Paying the price for a sham redundancy
Published 10 October 2018
Many parents will say life changed forever when their first child was born… and some may even tell you that it also had a disastrous impact on their working life.
This certainly appeared to be the case for Ella who was dismissed after returning to work after the birth of her first child.
Ella had worked as a part-time office administrator for just under five years. When she was summoned to her manager’s office shortly after returning to work from maternity leave, she had no reason to think that anything was wrong.
What happened next was a shock, and Ella’s reaction to it would eventually lead to her unfair dismissal.
Ella was told by her bosses that her role was being made full-time. She explained she could not work full time due to childcare requirements. She was encouraged to give it some serious thought overnight.
The following day Ella met with a director of the business. She suggested recruiting someone else on a part-time basis to make up the additional hours.
Ella was told this could not be done, which was followed by the bombshell news that she was now at risk of redundancy.
She was later invited to attend what were said to be two redundancy consultation meetings with her employer.
Ella did ask her employers if she could be accompanied at the ‘consultation meetings’ and it said no. Her bosses explained that she had a statutory right to be accompanied at a disciplinary or grievance hearing, but there is no such obligation for redundancy consultation meetings.
Ella went ahead with the meetings and rightly argued that she could not be at risk of redundancy because there was clearly an increased need for the work that she does.
After the second meeting Ella was informed that she was being dismissed and would not get a redundancy payment. She was told that she would be paid up until her last day of service; receive her notice period and payment for any outstanding holidays.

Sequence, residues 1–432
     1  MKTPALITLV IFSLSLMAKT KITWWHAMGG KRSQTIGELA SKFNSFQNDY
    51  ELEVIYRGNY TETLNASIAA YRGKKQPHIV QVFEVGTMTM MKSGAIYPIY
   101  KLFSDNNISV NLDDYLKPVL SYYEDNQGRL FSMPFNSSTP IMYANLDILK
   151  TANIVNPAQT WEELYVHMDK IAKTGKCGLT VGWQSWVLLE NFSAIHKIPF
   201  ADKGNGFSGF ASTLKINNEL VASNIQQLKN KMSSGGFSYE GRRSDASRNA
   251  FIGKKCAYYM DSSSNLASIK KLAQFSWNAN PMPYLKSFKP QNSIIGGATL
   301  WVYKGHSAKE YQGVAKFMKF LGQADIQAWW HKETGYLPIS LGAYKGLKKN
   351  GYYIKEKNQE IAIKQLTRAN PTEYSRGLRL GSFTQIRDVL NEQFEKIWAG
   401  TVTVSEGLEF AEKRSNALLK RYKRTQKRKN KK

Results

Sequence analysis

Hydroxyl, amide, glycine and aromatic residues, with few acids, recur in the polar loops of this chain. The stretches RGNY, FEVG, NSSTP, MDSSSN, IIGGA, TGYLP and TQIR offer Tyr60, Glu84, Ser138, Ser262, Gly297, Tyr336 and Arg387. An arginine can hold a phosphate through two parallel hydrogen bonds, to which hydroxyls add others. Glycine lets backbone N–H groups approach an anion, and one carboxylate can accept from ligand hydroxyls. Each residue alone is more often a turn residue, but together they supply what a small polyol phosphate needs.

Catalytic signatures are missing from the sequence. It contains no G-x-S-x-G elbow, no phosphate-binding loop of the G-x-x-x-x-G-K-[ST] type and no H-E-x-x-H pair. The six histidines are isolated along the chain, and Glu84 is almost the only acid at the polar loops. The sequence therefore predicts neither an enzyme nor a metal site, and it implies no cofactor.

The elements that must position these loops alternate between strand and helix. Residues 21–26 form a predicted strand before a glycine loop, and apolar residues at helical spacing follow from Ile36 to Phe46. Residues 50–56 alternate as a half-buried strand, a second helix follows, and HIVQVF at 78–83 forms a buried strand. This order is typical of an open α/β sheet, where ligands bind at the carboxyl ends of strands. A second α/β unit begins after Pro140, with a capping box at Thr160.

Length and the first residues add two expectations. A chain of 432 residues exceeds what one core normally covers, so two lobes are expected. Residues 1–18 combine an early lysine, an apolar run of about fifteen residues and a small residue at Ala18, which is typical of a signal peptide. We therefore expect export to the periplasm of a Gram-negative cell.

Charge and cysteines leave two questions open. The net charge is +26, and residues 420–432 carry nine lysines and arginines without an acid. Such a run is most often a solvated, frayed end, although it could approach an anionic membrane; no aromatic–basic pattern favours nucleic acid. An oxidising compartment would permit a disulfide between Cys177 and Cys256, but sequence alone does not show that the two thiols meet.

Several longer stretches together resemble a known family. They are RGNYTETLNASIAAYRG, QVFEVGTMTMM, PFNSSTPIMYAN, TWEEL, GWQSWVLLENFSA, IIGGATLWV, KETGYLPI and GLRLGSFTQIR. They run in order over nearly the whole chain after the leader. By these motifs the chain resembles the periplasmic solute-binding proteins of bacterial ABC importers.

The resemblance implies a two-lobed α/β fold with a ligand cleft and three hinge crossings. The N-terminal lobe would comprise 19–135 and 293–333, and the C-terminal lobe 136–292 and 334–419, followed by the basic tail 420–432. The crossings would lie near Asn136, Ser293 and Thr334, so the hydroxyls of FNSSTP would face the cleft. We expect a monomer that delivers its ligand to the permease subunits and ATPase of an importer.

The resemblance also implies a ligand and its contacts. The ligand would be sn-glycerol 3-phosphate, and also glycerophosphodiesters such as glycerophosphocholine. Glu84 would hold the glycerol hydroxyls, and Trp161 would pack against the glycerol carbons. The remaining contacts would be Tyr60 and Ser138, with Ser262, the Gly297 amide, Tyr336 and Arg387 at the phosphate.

To add insult to injury the company said that as a goodwill gesture it would give her a £500 lump sum – this was nearly £700 less that what she was entitled to as a statutory redundancy payment at that time (2016).
Ella was distraught and she contacted the Castle Associates employee support centre for help. Our representative was appalled at the way in which Ella had been treated. One of the first things he noticed was that Ella had not been informed of her right to appeal against the decision.
He immediately contacted the employer to say that Ella wished to appeal. The employer suggested there was no point as Ella could not do the job required, and therefore it was justified in letting her go.
Following discussions with our representative, the company did eventually agree to hold an appeal hearing. The grounds for appeal included unfair dismissal and discrimination.
Ella’s desired outcome to the appeal was reinstatement. The job was local and paid well. Prior to the appeal hearing Ella had started looking for alternative employment just in case her appeal was unsuccessful.
The day before the appeal hearing, Ella had a change of heart and said she no longer wished to be reinstated and would prefer a settlement agreement instead.
At the start of the appeal hearing our representative initiated a without prejudice conversation. The employer agreed to the discussion.
Our representative made it clear the redundancy was a sham and he highlighted the strength of Ella’s case going forward. He pointed out that if her discrimination claim was successful any compensation could be uncapped.
During the without prejudice discussion the employer accepted it ‘could have done things better.’ The focus of the discussion was then on the financial part of the settlement.
Ella was eventually able to agree a significant settlement with the company. She later secured a new job locally with slightly better pay, and the added bonus of convenient hours.
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